# Voltage in secondary coil of transformer

## Homework Statement

A Primary coil, with ##n_1## turns, is driven with a voltage ##V=V_0sin(wt)##

Find the voltage in a secondary coil, with ##n_2## turns, as a function of time

## The Attempt at a Solution

Mutual Inductance ##M=\mu_0 n_1 n_2/l *area##
##emf=-d\phi/dt##
##\phi=\mu_0 n_1 n_2 area/l *I ##

##v=LdI/dt##
##I=1/L \int v dt##
##I=1/L (-1/w cos(wt))##

I don't know whether I'm allowed to use the usual expression here for relating current and voltage in an inductor, since we have mutual inductance?

I don't really know how to find the current in the primary coil, and hence can't find the voltage across the secondary coil.

My other thought was: am I allowed to use the transformer equation, or does this only apply for max / rms voltages?

Many thanks

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andrevdh
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Isn't it just the turns ratio that governs the induced voltage in the secondary?

Isn't it just the turns ratio that governs the induced voltage in the secondary?

I get that this gives the peak voltage ratio. But does this hold in terms of their phases? I.e. if one is driven with no initial phase, does the current in the secondary coil also have no initial phase? :) Thanks

andrevdh
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According to mutual induction theory the induced voltage in the secondary coil is directly proportional to the negative of the rate of change of the current in the primary coil.

According to mutual induction theory the induced voltage in the secondary coil is directly proportional to the negative of the rate of change of the current in the primary coil.
Ah of course. So this would lead to a phase change of ##\pi/2## ?

Merlin3189
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Gold Member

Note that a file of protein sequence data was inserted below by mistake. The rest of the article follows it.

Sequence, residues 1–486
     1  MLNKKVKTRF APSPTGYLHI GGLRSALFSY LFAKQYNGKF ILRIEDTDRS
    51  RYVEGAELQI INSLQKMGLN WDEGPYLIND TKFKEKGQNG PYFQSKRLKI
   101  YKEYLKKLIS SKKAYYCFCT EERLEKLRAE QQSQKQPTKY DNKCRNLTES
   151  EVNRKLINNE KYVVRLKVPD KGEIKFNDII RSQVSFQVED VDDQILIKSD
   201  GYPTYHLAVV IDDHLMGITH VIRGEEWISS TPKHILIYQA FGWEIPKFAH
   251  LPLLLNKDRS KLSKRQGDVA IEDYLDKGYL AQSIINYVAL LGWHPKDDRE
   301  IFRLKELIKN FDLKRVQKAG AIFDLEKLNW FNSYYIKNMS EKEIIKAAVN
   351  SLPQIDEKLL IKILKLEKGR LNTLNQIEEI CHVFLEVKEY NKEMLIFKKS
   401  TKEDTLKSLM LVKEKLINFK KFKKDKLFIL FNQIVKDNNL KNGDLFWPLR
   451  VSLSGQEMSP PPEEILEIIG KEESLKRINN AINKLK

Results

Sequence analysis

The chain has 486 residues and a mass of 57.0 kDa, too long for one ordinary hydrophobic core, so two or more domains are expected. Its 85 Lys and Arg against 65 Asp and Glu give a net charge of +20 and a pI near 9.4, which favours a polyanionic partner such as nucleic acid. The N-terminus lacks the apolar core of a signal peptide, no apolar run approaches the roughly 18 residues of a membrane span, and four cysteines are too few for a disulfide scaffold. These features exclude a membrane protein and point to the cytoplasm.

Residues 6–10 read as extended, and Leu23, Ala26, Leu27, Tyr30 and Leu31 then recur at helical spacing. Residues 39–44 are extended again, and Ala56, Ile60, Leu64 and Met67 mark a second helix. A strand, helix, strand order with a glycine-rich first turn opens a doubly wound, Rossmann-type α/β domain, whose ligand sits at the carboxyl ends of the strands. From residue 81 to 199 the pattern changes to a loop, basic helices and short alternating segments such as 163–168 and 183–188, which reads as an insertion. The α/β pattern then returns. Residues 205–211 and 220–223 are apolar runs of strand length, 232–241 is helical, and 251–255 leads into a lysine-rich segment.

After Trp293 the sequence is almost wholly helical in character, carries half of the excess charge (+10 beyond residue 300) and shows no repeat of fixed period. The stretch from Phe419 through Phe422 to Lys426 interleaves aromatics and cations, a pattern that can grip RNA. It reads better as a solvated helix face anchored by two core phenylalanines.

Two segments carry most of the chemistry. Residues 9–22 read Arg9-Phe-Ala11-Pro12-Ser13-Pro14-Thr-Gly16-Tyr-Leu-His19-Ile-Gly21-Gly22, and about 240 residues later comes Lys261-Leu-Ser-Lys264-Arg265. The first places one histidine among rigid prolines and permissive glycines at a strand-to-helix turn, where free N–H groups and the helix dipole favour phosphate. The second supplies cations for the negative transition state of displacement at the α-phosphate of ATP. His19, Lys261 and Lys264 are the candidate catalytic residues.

If you are using typical iron cored power transformer with small leakage reactance, the same flux links both primary and secondary, so the induced voltage per turn in the primary is the same as the induced voltage per turn in the secondary. No phase change.

rude man
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Gold Member
I get that this gives the peak voltage ratio. But does this hold in terms of their phases? I.e. if one is driven with no initial phase, does the current in the secondary coil also have no initial phase? :) Thanks
What does "no phase" mean? Let's say "zero phase" instead.

The phase of the secondary winding depends on what you label the "low" end and the "high" end. If winding "dots" are facing each other there is no phase change, otherwise it's 180 degrees.

You'll have to ask someone or look it up to learn what "dotted ends" means, probably.
Also, there is no secondary winding current without a secondary load.

What does "no phase" mean? Let's say "zero phase" instead.

The phase of the secondary winding depends on what you label the "low" end and the "high" end. If winding "dots" are facing each other there is no phase change, otherwise it's 180 degrees.

You'll have to ask someone or look it up to learn what "dotted ends" means, probably.
Also, there is no secondary winding current without a secondary load.